On Monday, Senator Ted Cruz (R-TX), the most conservative man in the Republican field and the target of attacks from Donald Trump, establishment Republicans, and the media, won a tremendous victory in the Iowa caucus. Literally every poll going into Monday had Trump up, and up significantly – in the RealClearPolitics poll average coming into Monday, Trump led by 4.7 points, clocking in at 28.6 percent; Cruz averaged 23.9 percent; and Marco Rubio averaged 16.9 percent.
As of 7:15 p.m. PT, Cruz had outperformed the polls by about four percent; Rubio had outperformed by over six percent; Trump had underperformed by four percent. The media treated the entire evening as an exercise in Rubio Comeback Narrative™, but the real winner of the evening was obviously Cruz, the man dismissed by pollsters, mocked by the press, dismissed by the establishment elites, slandered by fans of Trump. Cruz smacked down the Donald, whose entire narrative was that he “wins,” by doing the hard, on-the-ground work required to actually achieve victory. And what’s more, he won the Iowa caucuses while fundamentally rejecting the boondoggle crony capitalist policy nearest and dearest to many Iowans: ethanol.
That’s a massive story, no matter how you slice it. And it’s a far bigger story than Rubio’s rise, given the fact that Rubio finished third, took no serious heat from Trump or the media other than one very rough question from Megyn Kelly in the last debate, and now has to compete with a bevy of other establishment-lane favorites in New Hampshire.
So, here are the key questions moving forward:
Does Trump Have A Glass Jaw? Now that we’ve all seen that the god bleeds, will Trump begin to sink in New Hampshire, where he’s currently averaging at 21.7 percent lead in the RealClearPolitics poll average? And if so, who does that benefit? Presumably his more moderate voting base moves to somebody like Marco Rubioif he collapses – but we’re still not sure the extent of that collapse. We won’t know until New Hampshire. So now, we’ve got one week for Trump to sink back into the fiery chasm from whence he came. Will that actually happen next week?
Where Does Cruz Go From Here? Clearly Cruz will get a bump in New Hampshire – he’s got the most campaign money of anybody in the field, $19 million, and he’s got an incredible data team. Watch for Cruz to immediately begin making moves in South Carolina, where he’s running at 19.7 percent, and Trump is at 36 percent – Cruz believes that New Hampshire is less likely to break for him than South Carolina. Cruz has a heavy advantage in the campaign schedule all the way up to Super Tuesday, which comes late this year.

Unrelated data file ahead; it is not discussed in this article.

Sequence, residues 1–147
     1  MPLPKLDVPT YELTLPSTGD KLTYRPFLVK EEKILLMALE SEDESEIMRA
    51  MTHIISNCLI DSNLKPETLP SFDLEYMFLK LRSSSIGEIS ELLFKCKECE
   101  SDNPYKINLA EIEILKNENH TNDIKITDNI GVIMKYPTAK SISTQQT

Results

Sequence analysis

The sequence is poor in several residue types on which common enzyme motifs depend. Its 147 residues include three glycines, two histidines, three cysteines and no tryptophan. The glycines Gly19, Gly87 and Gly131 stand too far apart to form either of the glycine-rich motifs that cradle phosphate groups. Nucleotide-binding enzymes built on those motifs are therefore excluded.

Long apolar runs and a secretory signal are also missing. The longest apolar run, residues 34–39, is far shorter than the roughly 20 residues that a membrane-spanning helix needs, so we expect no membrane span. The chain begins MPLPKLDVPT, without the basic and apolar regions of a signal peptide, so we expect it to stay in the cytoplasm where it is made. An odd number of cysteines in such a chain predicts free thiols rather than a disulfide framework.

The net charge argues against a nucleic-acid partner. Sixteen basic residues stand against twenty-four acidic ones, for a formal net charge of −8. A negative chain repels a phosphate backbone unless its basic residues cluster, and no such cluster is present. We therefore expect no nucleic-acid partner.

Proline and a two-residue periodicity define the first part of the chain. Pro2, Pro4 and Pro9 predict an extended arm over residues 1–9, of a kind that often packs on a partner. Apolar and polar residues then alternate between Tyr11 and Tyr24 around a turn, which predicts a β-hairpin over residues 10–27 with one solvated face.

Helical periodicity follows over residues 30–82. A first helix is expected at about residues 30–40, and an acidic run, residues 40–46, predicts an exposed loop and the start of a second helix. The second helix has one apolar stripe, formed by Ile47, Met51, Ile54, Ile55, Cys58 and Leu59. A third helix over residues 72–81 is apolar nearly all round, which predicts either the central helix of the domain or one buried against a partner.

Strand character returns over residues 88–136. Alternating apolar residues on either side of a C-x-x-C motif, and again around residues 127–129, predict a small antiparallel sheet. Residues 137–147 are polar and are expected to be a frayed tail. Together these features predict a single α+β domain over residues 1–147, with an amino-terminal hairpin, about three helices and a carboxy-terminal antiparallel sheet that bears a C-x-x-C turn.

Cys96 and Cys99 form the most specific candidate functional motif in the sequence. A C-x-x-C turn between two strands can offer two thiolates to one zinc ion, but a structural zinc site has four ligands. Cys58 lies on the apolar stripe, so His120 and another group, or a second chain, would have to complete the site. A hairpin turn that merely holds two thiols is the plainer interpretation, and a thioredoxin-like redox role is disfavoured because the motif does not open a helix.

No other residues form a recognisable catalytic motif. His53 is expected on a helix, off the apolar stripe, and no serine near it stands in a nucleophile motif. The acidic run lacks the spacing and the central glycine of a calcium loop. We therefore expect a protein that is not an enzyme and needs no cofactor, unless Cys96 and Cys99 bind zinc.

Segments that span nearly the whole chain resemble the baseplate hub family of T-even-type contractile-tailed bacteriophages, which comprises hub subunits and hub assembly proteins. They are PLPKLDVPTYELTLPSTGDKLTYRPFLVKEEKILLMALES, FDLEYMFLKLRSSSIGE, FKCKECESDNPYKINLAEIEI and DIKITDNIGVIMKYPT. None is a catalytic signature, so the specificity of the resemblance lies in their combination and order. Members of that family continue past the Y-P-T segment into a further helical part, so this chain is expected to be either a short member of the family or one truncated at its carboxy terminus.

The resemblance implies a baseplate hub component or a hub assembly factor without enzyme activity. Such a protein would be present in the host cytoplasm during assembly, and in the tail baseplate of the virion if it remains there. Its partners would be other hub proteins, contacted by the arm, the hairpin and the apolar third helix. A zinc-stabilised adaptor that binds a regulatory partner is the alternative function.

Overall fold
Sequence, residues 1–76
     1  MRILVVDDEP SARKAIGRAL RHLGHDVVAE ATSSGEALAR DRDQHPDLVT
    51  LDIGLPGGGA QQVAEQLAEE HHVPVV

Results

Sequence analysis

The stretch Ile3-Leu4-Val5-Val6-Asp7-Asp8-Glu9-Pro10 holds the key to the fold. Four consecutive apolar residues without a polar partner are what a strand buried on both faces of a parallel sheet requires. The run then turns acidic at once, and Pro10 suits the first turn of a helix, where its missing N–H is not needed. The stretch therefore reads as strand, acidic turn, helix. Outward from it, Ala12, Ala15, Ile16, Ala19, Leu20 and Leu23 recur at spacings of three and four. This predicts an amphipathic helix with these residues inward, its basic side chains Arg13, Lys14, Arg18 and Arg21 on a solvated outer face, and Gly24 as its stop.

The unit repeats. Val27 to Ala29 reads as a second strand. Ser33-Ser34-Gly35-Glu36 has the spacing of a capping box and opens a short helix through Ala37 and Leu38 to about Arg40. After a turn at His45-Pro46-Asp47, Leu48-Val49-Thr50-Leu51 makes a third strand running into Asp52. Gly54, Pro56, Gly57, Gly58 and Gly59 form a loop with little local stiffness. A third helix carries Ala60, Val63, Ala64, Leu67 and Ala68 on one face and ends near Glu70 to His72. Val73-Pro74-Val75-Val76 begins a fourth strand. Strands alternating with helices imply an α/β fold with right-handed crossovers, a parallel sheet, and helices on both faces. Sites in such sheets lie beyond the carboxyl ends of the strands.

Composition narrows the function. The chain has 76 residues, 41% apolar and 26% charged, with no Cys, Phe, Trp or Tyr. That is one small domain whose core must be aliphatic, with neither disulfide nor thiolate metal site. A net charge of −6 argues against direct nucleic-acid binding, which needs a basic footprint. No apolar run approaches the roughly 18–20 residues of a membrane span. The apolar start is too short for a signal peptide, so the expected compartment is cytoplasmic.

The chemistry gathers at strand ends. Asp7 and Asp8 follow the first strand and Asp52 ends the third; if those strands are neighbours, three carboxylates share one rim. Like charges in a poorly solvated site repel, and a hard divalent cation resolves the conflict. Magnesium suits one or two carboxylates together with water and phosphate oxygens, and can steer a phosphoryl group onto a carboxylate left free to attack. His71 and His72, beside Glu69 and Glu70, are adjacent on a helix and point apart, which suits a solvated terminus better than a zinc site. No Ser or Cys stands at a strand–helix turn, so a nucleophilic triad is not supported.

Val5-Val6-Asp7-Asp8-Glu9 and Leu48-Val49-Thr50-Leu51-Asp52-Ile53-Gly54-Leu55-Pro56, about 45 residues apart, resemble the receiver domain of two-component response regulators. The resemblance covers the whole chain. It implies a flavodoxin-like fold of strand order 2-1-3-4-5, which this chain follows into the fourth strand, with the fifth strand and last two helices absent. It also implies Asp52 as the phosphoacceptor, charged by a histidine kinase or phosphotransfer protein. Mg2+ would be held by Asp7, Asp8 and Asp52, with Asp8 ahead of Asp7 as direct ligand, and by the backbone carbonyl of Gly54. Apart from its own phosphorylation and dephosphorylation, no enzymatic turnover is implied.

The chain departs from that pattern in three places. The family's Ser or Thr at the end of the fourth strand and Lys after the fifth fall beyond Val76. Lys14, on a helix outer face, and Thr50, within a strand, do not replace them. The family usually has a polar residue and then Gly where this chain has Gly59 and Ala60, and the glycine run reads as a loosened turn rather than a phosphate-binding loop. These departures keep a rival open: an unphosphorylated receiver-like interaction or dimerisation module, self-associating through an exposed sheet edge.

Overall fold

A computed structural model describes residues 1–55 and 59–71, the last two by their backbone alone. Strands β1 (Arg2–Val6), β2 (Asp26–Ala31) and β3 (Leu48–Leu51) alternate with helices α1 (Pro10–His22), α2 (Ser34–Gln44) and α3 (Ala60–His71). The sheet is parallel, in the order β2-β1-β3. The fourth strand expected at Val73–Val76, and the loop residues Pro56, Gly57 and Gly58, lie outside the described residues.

Can Rubio Escape The Crab Pot In New Hampshire? Rubio has already turned his guns on Trump and Cruz – his spokesman told MSNBC, “If you don’t want Ted Cruz or Donald Trump as the nominee, you better get on board with Marco Rubio.” Here’s his problem: he’s currently in a five-way race for second place in New Hampshire with Cruz, Ohio Governor John Kasich, former Florida Governor Jeb Bush, and New Jersey Governor Chris Christie. He’s going to require a major consolidation in New Hampshire to win a clear second-place finish, and then he’s going to need Trump’s following to completely collapse moving forward after that – unlikely, given Trump’s win possibility in New Hampshire and spoiler capacity even if he loses in future states. But Rubio did show tonight that he could stand up to Jeb’s incompetent attacks in Iowa – and he could do the same in New Hampshire.
So, here’s where we stand: Cruz has shown he can both take a punch and throw one. Rubio has been able to ride media favor to a better-than-expected finish. And Trump is clearly less formidable with voters than with pollsters.
But here’s the big point of the night: Donald Trump can be beaten. In fact, here’s some live footage of the Cruz campaign informing Trump of the results: